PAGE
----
Pest description and crop damage Larvae are green and very hairy, with an almost velvetlike appearance. They often have one faint yellow-orange stripe down their backs and broken stripes along the sides. Older larvae may be up to 1 inch long. Compared to other caterpillars, cabbageworms move slowly and are sluggish, but feed voraciously. Larvae pupate by attaching a few strands of silk to stems or other nearby objects. Pupae are green with faint yellow lines down the back and sides; there is no spun cocoon. The adult cabbage butterfly is white with one to four black spots on the wings. They often are seen fluttering around the fields. The whitish, rocket-shaped eggs are laid singly on the undersides of leaves.
In the Pacific Northwest, imported cabbageworm causes most of its damage by contaminating plants with pupae in harvested parts of the crop. Larvae do chew large, irregular holes in leaves, bore into heads, drop greenish brown fecal pellets that may contaminate the marketed product, and seedlings may be damaged, but most losses are due to contamination or damage to marketed parts of the plant.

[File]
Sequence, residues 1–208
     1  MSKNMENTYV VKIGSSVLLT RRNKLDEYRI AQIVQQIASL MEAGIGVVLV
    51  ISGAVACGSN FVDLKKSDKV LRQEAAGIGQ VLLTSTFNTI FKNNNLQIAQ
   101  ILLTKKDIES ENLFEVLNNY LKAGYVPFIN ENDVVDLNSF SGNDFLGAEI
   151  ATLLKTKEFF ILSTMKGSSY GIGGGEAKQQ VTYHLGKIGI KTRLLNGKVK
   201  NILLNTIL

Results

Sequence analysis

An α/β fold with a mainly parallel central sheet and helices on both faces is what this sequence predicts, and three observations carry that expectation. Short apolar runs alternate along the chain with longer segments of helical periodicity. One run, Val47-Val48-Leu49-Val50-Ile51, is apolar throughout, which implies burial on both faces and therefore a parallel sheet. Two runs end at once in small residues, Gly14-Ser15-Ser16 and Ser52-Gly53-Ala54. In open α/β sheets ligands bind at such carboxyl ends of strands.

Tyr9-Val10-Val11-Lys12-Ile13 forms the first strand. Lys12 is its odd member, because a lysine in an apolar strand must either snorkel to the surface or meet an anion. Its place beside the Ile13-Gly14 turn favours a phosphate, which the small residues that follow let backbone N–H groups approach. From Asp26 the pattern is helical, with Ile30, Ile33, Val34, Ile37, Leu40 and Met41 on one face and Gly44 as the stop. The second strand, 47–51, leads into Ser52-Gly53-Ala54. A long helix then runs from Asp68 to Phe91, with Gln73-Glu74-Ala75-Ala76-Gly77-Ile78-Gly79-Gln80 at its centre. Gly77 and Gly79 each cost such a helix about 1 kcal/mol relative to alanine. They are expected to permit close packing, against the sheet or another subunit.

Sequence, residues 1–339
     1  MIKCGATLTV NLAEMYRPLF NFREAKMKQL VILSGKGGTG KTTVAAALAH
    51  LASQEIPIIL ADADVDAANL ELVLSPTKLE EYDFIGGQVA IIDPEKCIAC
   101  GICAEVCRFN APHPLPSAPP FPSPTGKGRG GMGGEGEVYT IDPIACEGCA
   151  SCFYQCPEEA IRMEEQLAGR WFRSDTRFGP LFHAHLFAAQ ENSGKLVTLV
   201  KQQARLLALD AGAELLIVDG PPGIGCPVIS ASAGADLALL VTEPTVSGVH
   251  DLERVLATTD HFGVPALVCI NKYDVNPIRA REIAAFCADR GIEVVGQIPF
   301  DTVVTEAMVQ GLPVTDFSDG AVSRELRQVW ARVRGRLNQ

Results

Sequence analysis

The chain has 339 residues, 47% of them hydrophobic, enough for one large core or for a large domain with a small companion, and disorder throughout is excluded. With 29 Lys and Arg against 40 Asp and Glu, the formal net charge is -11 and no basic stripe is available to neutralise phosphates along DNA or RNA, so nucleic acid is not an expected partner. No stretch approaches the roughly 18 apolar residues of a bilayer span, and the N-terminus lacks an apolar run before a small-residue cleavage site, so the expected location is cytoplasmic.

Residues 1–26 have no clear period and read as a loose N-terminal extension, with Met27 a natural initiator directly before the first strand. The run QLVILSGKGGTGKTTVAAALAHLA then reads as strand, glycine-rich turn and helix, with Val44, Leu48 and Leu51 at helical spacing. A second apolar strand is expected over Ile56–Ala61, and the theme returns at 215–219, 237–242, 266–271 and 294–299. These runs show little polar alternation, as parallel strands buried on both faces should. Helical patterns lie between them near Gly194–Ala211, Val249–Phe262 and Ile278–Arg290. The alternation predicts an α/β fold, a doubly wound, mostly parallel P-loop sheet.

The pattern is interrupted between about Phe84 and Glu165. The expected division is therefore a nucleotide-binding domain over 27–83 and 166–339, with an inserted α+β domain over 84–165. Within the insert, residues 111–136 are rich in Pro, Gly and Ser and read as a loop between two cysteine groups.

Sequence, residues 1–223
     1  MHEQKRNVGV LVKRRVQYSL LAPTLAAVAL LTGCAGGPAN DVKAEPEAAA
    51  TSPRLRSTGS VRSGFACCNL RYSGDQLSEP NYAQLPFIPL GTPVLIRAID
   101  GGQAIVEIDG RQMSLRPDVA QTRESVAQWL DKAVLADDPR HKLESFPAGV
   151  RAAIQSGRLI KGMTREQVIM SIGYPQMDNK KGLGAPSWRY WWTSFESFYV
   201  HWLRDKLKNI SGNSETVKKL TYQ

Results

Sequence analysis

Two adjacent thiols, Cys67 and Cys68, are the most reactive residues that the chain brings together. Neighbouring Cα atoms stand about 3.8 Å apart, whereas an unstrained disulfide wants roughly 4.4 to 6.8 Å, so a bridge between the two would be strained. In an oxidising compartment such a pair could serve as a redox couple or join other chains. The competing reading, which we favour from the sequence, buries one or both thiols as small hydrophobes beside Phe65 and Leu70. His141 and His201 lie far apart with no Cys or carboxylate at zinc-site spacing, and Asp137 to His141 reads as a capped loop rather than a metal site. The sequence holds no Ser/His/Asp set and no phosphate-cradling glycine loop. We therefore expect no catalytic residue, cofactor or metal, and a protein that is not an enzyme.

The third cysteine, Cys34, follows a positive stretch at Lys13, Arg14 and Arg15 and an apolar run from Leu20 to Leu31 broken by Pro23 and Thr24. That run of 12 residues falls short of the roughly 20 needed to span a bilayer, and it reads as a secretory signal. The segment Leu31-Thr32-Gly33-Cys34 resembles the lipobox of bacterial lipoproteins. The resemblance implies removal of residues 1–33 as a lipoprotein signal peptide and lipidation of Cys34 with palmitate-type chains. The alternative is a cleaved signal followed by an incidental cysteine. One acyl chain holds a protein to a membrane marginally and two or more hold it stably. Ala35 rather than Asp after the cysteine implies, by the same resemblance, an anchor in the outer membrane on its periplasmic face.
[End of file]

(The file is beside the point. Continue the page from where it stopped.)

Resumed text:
Biology and life history The imported cabbageworm overwinters in the pupal stage on host plants. Adults emerge in late April and May and lay eggs singly on the undersides of outer leaves. The border rows of crops may receive more eggs than the center rows. Eggs hatch in 4 to 8 days, and larvae mature in 2 to 3 weeks, then pupate on the host plant. The time required for development from egg to adult is 3 to 6 weeks. Adults emerge in 1 to 2 weeks, mate, and lay eggs for another generation. There are three to five generations each year.